Ah, December. There was a lot of finishing in December, and though I didn’t get Brothers Karamazov done (it ended up being my first book of January), I did buckle down into it during December.

The four books I picked to highlight are those I enjoyed the most and the ones I most want to share. If there’s an honorable mention category (and hey, it’s my list so yes! there is!), I’d include:

  • Thunderhead, by Neal Shusterman. It’s the second in his Arc of the Scythe series and I so enjoyed it.
  • A Far Cry from Kensington, by Muriel Sparks. Laugh-out-loud in some parts, this is both character-driven and delightful.
  • Christmas with Anne, by L.M. Montgomery. Let’s just call Montgomery one of my favorite authors and leave it at that. 😉

Thus Sayeth the Lord: A Fresh Take on the Prophets, by Julie Davis

This book isn’t due out until March, but I had a sneak peek opportunity to read it. And read it I did, with great enjoyment. Davis goes through the Old Testament prophets one by one, unpacking them and the scripture(s) where they appear.

Davis has a way of weaving in pop culture references (and I don’t pretend to get them all) and common sense that I just love. You won’t read scripture the same way again…and hey! Maybe you’ll pick up those OT books that had you wincing before!

The Saint Monica Club: How to Wait, Hope, and Pray for Your Fallen-Away Loved Ones, by Maggie Green

This book might be one of the most important I read all year. Maggie Green (not her real name) is a wife and mom, a daughter and sister, a friend and colleague. She’s tackling the issue that has so many women I know in pain: that of loved ones who leave the Faith.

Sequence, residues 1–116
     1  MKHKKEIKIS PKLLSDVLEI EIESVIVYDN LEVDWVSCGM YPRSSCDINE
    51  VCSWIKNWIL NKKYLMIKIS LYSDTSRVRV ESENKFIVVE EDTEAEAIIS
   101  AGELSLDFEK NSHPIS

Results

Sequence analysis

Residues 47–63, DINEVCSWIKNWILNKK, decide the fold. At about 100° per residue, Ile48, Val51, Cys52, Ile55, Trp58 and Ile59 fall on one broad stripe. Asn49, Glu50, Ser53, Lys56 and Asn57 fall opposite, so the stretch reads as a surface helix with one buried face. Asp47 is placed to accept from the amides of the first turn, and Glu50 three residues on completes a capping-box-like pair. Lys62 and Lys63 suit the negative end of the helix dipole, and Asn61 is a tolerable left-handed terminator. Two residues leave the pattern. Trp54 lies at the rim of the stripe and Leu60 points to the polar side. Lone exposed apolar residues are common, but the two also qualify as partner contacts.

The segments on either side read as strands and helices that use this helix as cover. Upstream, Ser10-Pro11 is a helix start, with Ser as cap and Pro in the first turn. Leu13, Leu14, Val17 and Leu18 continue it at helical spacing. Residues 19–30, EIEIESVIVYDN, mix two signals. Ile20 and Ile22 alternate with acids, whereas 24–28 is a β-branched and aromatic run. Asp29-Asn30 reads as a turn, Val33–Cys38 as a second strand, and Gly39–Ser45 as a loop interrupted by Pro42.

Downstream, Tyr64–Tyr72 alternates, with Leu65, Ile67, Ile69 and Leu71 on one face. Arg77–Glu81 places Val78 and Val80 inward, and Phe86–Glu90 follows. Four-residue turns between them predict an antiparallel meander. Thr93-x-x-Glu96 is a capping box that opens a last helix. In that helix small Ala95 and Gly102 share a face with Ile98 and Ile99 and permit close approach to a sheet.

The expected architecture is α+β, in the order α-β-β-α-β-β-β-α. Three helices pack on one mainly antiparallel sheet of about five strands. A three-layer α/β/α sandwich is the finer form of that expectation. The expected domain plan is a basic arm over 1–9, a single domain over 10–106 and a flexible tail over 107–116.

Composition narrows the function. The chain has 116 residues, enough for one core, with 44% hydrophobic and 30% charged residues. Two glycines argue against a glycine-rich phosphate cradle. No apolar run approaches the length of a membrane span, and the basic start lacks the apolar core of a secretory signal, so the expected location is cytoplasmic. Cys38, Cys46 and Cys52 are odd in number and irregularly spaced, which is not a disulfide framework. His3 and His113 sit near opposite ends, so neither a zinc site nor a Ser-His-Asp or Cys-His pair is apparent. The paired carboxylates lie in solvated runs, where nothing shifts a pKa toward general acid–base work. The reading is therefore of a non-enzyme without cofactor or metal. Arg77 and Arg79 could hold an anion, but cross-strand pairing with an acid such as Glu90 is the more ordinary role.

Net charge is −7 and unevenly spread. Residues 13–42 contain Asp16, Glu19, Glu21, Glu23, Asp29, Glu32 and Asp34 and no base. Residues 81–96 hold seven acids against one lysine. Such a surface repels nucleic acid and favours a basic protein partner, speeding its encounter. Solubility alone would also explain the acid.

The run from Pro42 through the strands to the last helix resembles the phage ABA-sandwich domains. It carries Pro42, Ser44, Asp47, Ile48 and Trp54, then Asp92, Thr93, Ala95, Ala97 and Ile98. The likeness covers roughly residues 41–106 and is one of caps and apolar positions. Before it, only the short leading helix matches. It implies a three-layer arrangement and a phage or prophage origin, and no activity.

It’s an issue that’s hard to talk about for many reasons. And to give advice on it? Nearly impossible, at least from a “writing a book” perspective. And yet, Green not only does just that, but she does it well.

I had no sooner finished this book than a friend of mine came over. I hadn’t seen her in a while and we got to talking about kids…and wouldn’t you know it, one of her kids is rather stridently away from the Church. “Oh, but I have a book you have to read!” I exclaimed, interrupting myself.

This is that kind of book. The kind you read and absorb and share. The kind that touches you, wherever you are on the journey. The kind that guides you in your prayer and leads you quietly to support those you love, whether they’re mourning someone who’s away or are journeying that way themselves.

How To: Absurd Scientific Advice for Common Real-World Problems, by Randall Munroe

This book is a treat. Period. I laughed. I tried to quote it. I left my husband annoyed and maybe even speechless. It’s too bad I had to return it to the library, because I should have gotten pictures of the inside. For a taste of the beauty of it, read xkcd. And Munroe’s other books. And keep this on your gift list for engineers, avid readers, people who like to laugh, and anyone you love.

Jane of Lantern Hill, by L.M. Montgomery

And with this book, inspired by an Instagram mention by my longtime friend Ginny Kubitz Moyer back around Thanksgiving, I will just say that I am a fan of L.M. Montgomery. I read all of the Anne books in 2018, and the three Emily books earlier in 2019, so I think, now, I shall commit to finding and finishing all of her other books. I so love her writing, from her heroines to her settings. And while Mexico City and Lourdes top my bucket list destinations, I can’t help but put P.E. Island up there with them.